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Compassionate Conflict Resolution

Written by MJ Ryan, SheEO Development Guide

I am a pack rat for transformative mindset tools and techniques. Whenever I read about something I think would help us be wiser and loving, I immediately try to use it for myself and my clients. That’s why I was intrigued when Marshall Rosenberg published a book in 1999 called Nonviolent Communication that was a compassionate approach to conflict resolution. I read it and found it quite inspiring—Marshall even used NVC to help Palestinians and Israelis express feelings regarding the highly contested issues of the occupied territories–but couldn’t see how to use it without formal training. Until his death in 2015, Rosenberg collaborated with educators, trainers and colleagues all over the world, and its reach extended from conflict resolution into fields such as personal growth, therapy, education, social work, business management and social change. I remained very interested.

Then recently, I came across an article by Katy Butler in a 2002 edition of Tricycle magazine. She did what I could not—explain the steps in an easy-to-understand way that I feel compelled to share. These are crucial learnings for us all in these charged times, and I can’t recommend the book or trainings more highly, especially for anyone trying to build bridges across differences. Here are, in Butler’s words, the steps:  

“Nonviolent Communication—called `a language of compassion’ by its creator, Marshall Rosenberg—is a method for resolving conflict by expressing needs without blame or criticism, then listening and responding empathically. The basic steps are these:

  • “Observe the situation upsetting you and describe it in language free of judgment. Avoid labeling of yourself or others. (`What’s wrong with her?” might be, in NVC parlance, `Five minutes after I rang the bell for meditation, my mother began slapping at the fly.’)
  • “Understand that external events are only a trigger for, not the cause of, your inner reactions. Take responsibility for your emotions. Instead of saying `You made me so mad,’ try `After you said that, I felt irritated and sad.’ Identify your precise feeling. NVC characterizes feelings as emotional states plus physical sensation. `Eager,’ `angry,’ and `satisfied,’ for example, fit that definition. `Betrayed,’ `ignored,’ and `misunderstood’ do not; they mix emotion, description, and assumption, and include a judgment about another’s intentions.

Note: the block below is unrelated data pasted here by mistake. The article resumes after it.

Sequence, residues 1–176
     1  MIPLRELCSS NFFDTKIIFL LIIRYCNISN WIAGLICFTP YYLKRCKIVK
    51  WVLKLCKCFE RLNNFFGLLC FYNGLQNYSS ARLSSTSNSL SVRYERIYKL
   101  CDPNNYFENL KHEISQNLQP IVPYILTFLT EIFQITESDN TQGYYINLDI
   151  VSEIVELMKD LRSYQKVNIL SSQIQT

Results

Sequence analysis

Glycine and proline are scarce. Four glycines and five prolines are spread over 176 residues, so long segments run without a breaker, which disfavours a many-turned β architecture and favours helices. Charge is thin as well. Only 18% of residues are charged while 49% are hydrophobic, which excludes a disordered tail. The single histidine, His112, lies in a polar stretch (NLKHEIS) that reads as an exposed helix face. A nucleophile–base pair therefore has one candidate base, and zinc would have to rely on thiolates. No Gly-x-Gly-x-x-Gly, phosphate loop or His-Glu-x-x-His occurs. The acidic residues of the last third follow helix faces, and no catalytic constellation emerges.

• “Connect your feelings with the needs that were unfulfilled in the situation. (`I felt irritated when I heard the TV because I need silence.’) NVC acknowledges not only universal human needs like air, food, and exercise, but also complex needs like creative expression, respect, and love.
  • “Follow up with a specific do-able request. (`Would you be willing to turn off Jeopardy!?’) Avoid vague generalities, as the other person will have no way of knowing exactly what new behavior will satisfy you. To avoid sounding reproachful, ask for what you want, not what you don’t want.
  • “Listen carefully to the other person’s response and to the feelings and needs their words are expressing, even indirectly. (`But Jeopardy! is my favorite show. It’s how I unwind after work.’)
  • “Empathize with the other person’s feelings and needs. Repeat back what you think is being said, without sounding patronizing or all-knowing. (`I’m guessing that you might be annoyed at my request to turn off Jeopardy! because you need a way to unwind.’)
  • “Differentiate between universal human needs and pet strategies for meeting them. The need for love and reassurance is universal, but wanting a particular person to say `I love you’ right this minute is a strategy and may meet with opposition.
  • “Brainstorm strategies that meet everyone’s needs. NVC assumes that needs are never in conflict but that the strategies for meeting them often are. (I came up with four strategies: I could wear earplugs or meditate in my room while Jeopardy! is on; I could watch Jeopardy! with Ned; Ned could use headphones; we could extend the cable service to the TV set in Ned’s room.)
  • “Be willing to take no for an answer. The difference between a request and a demand lies not in the sweetness of your speech but in whether or not you subtly punish anyone who says no.”

To learn more about the training, check out the Center for Nonviolent Communication. And I am also sharing some great language for conflict resolution from @the.foreword.

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